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Recent biomass burning in the tropics and related changes in tropospheric ozone

Ziemke, J. R., S. Chandra, B. Duncan, M. R. Schoeberl, O. Torres, M. Damon, and P. Bhartia (2009), Recent biomass burning in the tropics and related changes in tropospheric ozone, Geophys. Res. Lett., 36, L15819, doi:10.1029/2009GL039303.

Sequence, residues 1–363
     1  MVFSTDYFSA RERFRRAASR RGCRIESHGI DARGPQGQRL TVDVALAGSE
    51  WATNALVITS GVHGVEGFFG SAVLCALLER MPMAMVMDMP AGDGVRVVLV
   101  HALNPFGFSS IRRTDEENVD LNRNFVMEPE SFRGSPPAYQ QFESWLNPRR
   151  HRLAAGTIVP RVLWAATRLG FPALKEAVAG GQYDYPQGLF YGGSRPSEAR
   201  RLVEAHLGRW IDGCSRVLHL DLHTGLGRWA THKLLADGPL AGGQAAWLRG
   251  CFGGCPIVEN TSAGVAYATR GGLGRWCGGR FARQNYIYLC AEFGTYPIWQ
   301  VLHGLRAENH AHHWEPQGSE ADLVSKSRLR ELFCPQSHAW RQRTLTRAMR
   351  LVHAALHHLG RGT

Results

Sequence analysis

Biomass burning in the tropics is set intentionally during dry season each year to destroy agricultural waste and clear land for human expansion. These burning activities cause pollution including atmospheric particulates and trace gases which are harmful to human health. Measurements from the Aura Ozone Monitoring Instrument (OMI) and Microwave Limb Sounder (MLS) from October 2004 – November 2008 are used to evaluate the effects of biomass burning on tropical tropospheric ozone in the context of the Global Modeling Initiative (GMI) chemical transport model. The impact of biomass burning on ozone is significant within and near the burning regions with increases of ~10– 25% in tropospheric column ozone relative to average background concentrations. Globally the model indicates increases of ~4 –5% in ozone, ~7 – 9% in NOx (NO + NO2), and ~30– 40% in CO.

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